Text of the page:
By Callum Thomas, Founder and CEO of Thomas Thor Associates and Chairman of KeySource Global
Today 11% of the world’s electricity comes from nuclear power and it accounts for around one third of all electricity generated globally from low-carbon sources. This is a huge contribution towards a clean energy future for our planet. The nuclear energy industry is also a global one, with unprecedented levels of global cooperation, sharing of information and collective oversight. This culture of collaboration has arisen through a globally shared belief that we all benefit from pooling best practice and lessons learned. The nuclear industry excels at quantifying and keeping track of every relevant detail, so why not apply this same principle to the workforce?
There is an opportunity for global cooperation in the collation of workforce data,including an overall count of the number of people working in the industry, a standard global taxonomy of the different job roles as well as information on demographics, diversity and mobility. There are significant benefits for the nuclear energy industry and for the planet to be realised by doing this, such as:
Raising awareness, public support and investment for nuclear energy – Public support for nuclear energy is rising as more and more people realise that nuclear energy is part of the solution for a clean energy future, which is leading to more political support and interest in the industry from institutional investors (half of Bruce Power, which operates the largest nuclear power plant in the world, is owned by a pension fund). Yet the nuclear energy industry is somewhat of an enigma to many people. Very few people know much about the industry, let alone how many people are part of it or what it contributes to a clean energy future. Gathering simple HR data on the number of people in the workforce would enable the industry’s storytellers to humanise the somewhat secretive industry, drawing more attention to the people working in it which would support this positive trajectory. There are some excellent examples of country specific HR data gathering exercises, such as the Nuclear Industry association’s Jobs Map in the UK (https://www.niauk.org/resources/jobs-map/), but nothing exists to this standard at a global level.Attracting talent – highlighting the people of the nuclear industry would enable audiences to identify with the workers, and some of those would in turn seek careers in the industry, boosting the talent pool available.
Further enhancing global cooperation within the nuclear energy industry – a crucial objective before gathering data on the nuclear energy workforce is defining what to count or measure. Countries categorise people and job roles differently, so a global standard of taxonomy needs to be developed in order to achieve meaningful and consistent global data. A major benefit of a globally agreed taxonomy of job roles, other than allowing for meaningful HR data to be gathered, is that it would make it easier for companies and countries to work together and easier for the industry to deliver internationally.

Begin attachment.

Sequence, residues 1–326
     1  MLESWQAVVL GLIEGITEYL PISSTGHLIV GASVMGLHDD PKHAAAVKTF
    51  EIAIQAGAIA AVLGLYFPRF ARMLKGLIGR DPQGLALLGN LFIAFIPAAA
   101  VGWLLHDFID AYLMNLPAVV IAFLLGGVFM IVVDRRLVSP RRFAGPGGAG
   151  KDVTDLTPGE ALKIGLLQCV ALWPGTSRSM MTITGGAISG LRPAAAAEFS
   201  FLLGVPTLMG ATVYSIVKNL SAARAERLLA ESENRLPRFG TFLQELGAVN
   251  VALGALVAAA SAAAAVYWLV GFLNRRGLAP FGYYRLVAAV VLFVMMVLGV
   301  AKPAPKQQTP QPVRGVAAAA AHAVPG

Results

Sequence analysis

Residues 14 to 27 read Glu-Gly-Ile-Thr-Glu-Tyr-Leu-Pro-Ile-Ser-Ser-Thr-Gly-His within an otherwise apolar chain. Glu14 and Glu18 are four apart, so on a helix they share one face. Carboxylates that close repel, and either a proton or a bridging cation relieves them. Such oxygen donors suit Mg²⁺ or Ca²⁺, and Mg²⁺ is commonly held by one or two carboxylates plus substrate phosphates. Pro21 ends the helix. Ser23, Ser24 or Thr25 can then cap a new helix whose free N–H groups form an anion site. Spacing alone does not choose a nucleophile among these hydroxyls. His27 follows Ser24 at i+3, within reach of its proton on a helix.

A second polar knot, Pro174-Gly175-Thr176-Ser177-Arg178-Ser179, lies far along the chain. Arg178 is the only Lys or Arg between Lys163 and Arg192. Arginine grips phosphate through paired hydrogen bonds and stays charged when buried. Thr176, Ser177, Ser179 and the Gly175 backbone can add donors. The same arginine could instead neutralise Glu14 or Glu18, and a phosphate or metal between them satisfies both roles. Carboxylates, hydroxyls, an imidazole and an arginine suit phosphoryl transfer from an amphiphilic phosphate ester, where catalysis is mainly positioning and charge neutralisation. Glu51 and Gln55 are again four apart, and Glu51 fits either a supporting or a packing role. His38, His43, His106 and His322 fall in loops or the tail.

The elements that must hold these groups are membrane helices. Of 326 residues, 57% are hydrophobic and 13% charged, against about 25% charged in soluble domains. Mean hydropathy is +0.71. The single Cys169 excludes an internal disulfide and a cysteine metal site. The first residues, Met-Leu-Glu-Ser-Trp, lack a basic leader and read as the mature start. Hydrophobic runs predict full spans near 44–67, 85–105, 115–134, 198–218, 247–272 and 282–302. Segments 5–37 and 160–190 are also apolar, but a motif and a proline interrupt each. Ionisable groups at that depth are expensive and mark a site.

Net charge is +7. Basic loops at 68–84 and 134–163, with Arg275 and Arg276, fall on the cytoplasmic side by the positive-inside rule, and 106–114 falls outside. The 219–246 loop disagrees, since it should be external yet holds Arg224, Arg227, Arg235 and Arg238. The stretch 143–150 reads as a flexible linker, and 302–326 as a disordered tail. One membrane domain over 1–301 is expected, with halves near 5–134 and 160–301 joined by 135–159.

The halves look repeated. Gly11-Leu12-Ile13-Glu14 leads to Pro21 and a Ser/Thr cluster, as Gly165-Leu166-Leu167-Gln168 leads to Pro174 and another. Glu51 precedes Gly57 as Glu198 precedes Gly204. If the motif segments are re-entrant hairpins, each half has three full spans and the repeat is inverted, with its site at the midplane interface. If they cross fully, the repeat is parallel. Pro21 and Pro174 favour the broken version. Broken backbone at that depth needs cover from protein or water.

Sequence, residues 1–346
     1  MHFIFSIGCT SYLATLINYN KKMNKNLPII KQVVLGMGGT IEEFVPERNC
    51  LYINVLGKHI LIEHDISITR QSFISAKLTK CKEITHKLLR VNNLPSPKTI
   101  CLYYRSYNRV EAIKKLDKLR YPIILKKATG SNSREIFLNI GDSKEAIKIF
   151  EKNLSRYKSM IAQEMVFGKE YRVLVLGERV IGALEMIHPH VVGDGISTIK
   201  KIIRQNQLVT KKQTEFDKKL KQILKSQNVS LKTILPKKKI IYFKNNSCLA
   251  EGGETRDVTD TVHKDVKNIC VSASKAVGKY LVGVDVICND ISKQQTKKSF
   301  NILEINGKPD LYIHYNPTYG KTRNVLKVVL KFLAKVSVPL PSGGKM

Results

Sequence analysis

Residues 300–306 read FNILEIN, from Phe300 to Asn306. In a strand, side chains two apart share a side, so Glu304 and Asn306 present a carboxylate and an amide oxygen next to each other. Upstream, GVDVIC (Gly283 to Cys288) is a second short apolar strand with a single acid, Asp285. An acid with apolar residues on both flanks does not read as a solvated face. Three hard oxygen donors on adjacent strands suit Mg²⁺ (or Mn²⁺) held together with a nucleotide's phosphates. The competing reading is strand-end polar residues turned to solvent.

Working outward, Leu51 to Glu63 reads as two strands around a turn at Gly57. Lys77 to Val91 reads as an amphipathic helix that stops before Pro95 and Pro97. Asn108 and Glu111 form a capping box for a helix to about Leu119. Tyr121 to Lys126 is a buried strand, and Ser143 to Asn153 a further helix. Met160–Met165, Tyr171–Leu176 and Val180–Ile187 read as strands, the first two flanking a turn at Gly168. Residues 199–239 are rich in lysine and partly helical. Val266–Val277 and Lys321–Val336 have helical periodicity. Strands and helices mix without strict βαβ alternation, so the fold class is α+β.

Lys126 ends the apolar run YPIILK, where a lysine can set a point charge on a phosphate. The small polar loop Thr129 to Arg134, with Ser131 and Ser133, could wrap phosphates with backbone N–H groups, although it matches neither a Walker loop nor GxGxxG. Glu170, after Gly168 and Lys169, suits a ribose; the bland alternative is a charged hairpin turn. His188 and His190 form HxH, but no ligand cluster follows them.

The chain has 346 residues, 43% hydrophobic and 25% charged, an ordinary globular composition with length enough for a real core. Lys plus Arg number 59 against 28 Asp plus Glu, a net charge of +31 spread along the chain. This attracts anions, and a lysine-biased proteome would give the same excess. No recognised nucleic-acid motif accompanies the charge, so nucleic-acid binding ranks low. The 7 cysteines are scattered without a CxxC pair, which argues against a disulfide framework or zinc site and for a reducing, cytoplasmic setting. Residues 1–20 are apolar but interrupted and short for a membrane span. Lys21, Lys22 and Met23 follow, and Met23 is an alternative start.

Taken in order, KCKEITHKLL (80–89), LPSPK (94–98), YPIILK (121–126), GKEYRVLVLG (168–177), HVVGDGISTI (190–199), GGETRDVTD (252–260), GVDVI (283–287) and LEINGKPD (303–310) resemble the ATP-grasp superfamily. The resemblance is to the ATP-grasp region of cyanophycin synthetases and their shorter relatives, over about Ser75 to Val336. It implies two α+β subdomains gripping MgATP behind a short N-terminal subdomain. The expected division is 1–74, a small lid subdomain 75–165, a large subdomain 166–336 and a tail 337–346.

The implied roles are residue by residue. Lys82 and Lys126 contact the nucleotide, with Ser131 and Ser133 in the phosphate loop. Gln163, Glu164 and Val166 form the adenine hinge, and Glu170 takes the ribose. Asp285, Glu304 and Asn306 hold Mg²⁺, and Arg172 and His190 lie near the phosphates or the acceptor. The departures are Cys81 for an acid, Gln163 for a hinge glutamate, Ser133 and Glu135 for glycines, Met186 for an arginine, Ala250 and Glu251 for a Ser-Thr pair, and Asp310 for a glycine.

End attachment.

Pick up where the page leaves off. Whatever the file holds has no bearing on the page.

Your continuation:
Enhancing global career opportunities – It is fair to say that a career in nuclear energy industry offers the opportunity to work all over the world. It is also fair to say that many people want an international career and that many organisations want to hire the very best people from around the world as well as from their own country. Furthermore, data on the number of people working in the nuclear energy industry, together with their skillsets and the country in which they are located would enable people working in the industry to identify international career opportunities more easily and would also enable companies to hire and expand internationally. That would make the nuclear sector a better place to work and more productive and efficient too.
To enable effective workforce planning – some countries are already using their national nuclear human resource data effectively in workforce planning, anticipating supply and demand of skills and taking action in training and hiring as a result. Elevating this to a global level presents a significant opportunity. Imagine, for example, a country that has just finished some nuclear new build projects and has a gap before the next projects, or a country that has just built a waste storage facility. Other countries looking to do similar projects could benefit greatly from the fresh expertise of individuals and companies that have been involved, to support their projects and to transfer skills to their national workforce. All the nuclear industry’s supply chains are measured and studied regularly, the opportunity to take this care about its workforce is glaring.
Supporting the drive towards diversity and inclusion – data in areas such as gender diversity or age can be very sensitive. Employers, understandably, are reluctant to release data that could in any way be seen as negative. However this is changing, and most organisations are facing the reality that we have a lot of work to do when it comes to diversity and inclusion. The benefits of having global data on diversity and inclusion in the nuclear energy industry would be to maintain the focus on positive change and to identify and showcase examples of best practices that have led to improvements in specific organisations or countries. For example, Canada has a national target of 50% of the nuclear workforce being female by 2030. The whole world can benefit from seeing how they go about achieving this and the lessons learned along the way.
In summary, it seems like a relatively small step, to simply count the number of people working in the nuclear energy industry, to understand a bit more about the workforce, and to share the information with each other. And yet the benefits from doing so would touch every organisation and would contribute directly, and indirectly, to the clean energy future that we all want to see.